Ephedra funerea, Mormon tea bush, has tiny leaves and most of the photosynthesis takes place in its green jointed stems. Most Native Americans in the Southwest and some of the Mormon pioneers brewed or boiled the Ephedra stems to make a tea that was considered refreshing and therapeutic.  Marshal’s ephedra, which he called squaw-tea, was just a few feet from his front door.

Encelia farinosa,  or Brittlebush, is prolific at Yaquitepec, and helps to soften the look of its dump of rusting cans a ways down on the southeast side.  (Marshal drove his 1929 Model A Ford 14 miles monthly up the Banner Grade to the nearest town, Julian, where he mailed in his articles to Desert Magazine, bought gasoline, and brought back library books, goods and supplies, including canned goods.)

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Spring also brings warmer nights to Yaquitepec. Marshal South described one such night in his article, Desert Refuge 9, in the April 1942 issue of Desert Magazine:

Last night was warm and at midnight I went out to open another shutter of our screened sleeping porch… I did not at once go back into the house. Instead I sat down on the upper of the two rock steps that lead past the cisterns to where the woodpile is. Upon my bare body the chill of the night air struck with a tingling, electric glow that was almost warmth.

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 Far off, through a mist-rift above the shadowy ridges, the North Star gleamed. Almost I seemed to hear the deep, measured breathing of the earth…

 

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 The night air was like a garment of peace, and the overhead arch of the desert stars, appearing and disappearing through rifts in the canopy of haze, was a glorious procession of the Heavenly Hosts, streaming forward triumphantly across the fields of Paradise… One gets very close to the heart of things, sometimes, in the desert silence.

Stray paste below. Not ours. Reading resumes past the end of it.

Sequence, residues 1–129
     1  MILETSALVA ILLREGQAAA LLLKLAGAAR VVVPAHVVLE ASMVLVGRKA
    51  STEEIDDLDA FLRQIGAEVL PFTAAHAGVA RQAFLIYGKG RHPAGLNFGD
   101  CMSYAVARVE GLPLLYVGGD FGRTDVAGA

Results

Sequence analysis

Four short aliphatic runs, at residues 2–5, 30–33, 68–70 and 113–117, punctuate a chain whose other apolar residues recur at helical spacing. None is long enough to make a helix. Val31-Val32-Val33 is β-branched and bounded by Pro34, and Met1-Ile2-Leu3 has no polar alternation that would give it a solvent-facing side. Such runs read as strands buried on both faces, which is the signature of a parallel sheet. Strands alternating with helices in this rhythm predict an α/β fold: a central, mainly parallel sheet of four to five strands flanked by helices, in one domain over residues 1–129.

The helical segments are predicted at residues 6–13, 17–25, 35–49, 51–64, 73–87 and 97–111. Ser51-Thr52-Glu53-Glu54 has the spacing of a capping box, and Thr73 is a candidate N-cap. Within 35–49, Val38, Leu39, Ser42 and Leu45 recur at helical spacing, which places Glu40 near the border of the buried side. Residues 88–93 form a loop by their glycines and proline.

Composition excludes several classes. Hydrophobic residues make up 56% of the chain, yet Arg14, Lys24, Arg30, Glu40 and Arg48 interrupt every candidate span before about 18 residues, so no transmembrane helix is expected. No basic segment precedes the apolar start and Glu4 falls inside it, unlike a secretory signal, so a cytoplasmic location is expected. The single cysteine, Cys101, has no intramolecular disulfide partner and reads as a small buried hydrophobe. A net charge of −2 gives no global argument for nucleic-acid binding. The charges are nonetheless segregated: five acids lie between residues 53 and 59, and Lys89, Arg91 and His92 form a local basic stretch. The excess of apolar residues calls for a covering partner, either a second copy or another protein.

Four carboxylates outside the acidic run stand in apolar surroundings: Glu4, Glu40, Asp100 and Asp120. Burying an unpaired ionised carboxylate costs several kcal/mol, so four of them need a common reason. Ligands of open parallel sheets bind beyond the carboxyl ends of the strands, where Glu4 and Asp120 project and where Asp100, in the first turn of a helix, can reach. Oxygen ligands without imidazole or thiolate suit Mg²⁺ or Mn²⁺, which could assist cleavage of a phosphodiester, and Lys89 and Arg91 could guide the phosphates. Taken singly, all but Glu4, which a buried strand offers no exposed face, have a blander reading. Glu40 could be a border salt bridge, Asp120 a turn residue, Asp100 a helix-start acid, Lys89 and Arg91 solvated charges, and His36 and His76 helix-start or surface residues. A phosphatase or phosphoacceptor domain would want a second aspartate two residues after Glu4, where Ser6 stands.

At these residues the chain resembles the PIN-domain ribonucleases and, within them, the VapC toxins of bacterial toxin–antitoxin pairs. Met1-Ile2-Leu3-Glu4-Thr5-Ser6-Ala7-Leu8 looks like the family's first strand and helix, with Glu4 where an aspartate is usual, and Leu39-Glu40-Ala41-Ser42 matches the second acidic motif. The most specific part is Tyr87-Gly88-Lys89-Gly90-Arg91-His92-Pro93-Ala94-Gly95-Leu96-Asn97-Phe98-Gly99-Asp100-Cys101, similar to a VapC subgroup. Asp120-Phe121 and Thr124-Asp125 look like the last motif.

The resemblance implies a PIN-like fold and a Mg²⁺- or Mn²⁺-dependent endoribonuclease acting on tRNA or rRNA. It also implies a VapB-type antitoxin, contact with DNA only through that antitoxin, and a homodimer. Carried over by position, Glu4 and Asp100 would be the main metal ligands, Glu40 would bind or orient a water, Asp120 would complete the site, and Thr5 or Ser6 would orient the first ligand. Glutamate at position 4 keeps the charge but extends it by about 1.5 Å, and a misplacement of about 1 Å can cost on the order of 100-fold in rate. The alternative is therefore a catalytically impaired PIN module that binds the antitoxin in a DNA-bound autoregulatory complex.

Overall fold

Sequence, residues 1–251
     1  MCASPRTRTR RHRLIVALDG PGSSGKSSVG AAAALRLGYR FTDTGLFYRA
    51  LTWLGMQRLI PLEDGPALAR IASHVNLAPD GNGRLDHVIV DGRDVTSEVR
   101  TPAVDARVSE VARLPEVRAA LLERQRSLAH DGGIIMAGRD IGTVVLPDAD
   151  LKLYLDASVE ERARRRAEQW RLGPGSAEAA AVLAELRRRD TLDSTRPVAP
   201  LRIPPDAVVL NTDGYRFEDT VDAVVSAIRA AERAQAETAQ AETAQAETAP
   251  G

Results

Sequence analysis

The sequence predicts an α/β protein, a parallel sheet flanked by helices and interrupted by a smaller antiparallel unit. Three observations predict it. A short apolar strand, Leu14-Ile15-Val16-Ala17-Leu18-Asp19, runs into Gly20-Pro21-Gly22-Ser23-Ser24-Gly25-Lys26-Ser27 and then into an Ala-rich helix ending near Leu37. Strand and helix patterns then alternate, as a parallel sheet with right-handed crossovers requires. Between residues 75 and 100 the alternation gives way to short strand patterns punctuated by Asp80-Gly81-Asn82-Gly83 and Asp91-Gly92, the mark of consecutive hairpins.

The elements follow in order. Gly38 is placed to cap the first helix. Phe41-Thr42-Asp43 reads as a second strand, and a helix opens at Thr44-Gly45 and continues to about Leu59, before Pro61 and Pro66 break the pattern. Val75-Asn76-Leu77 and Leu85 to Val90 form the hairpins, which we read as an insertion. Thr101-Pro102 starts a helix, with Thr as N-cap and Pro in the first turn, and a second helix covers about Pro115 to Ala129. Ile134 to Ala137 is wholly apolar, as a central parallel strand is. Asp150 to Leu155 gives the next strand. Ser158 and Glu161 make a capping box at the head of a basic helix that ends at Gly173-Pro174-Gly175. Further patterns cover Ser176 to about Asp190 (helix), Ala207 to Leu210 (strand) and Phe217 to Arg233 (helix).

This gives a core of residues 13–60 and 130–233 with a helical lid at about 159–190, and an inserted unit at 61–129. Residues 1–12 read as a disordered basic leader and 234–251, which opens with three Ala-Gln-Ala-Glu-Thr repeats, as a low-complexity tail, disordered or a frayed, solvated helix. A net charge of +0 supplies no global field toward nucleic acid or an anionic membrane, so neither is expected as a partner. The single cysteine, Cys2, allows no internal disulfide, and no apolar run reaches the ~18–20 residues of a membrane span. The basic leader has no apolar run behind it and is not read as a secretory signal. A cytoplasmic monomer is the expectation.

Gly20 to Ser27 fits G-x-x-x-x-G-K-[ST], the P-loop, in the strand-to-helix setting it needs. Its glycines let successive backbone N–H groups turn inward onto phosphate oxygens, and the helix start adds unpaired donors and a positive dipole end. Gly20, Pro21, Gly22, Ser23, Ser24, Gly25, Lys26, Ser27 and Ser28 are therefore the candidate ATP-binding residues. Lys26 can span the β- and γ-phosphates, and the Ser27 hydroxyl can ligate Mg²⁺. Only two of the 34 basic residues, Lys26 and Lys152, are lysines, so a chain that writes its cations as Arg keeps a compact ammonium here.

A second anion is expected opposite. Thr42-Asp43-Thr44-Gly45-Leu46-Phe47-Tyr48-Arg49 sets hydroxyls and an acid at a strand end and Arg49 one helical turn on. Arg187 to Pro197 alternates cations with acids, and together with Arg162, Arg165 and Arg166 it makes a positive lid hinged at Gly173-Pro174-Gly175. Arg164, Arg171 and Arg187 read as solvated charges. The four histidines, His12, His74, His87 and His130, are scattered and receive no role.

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(All 102 articles and poems written by Marshal South for Desert Magazine from 1939 to 1948 can be read in Marshal South and the Ghost Mountain Chronicles: An Experiment in Primitive Living, 2005, Edited and with a Foreword by Diana Lindsay and Introduction by Rider and Lucile South, Sunbelt Publications, San Diego, CA.)

Ghost Mountain spring hikes

Plans were already in place for us to spend four nights just below Ghost Mountain, so when Rich L. and family arrived in Anza-Borrego Desert State Park with their friends Adam and Susan earlier in the week we were poised to go on a joint hike with them and celebrate their last full day in the desert with a sumptuous feast prepared by Larry.  We had already agreed on a hike to see the pictographs near Ghost Mountain and I was especially interested in seeing the nearby morteros for the first time. Adam and Susan had recently viewed the short film, Ghost Mountain – An Experiment in Primitive Living, shown in the Anza-Borrego Desert State Park’s Visitors’ Center, and they were interested in hiking up to see Marshal South’s former home site, Yaquitepec, on Ghost Mountain. So we decided to do all three hikes in one afternoon.

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(Pictured above are Adam, Susan, Emma, Rich and Eleanor)

Zoe the cat enjoyed viewing the sites from the vantage point of Emma’s day bag while both Rich and Emma kept their eyes open for any curiosities along the trail.

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Bright yellow flower mounds of  Brittlebush (Encelia farinosa) are prolific here at Yaquitepec right now. (The Laguna Mountains are seen along with the Mason Valley below.)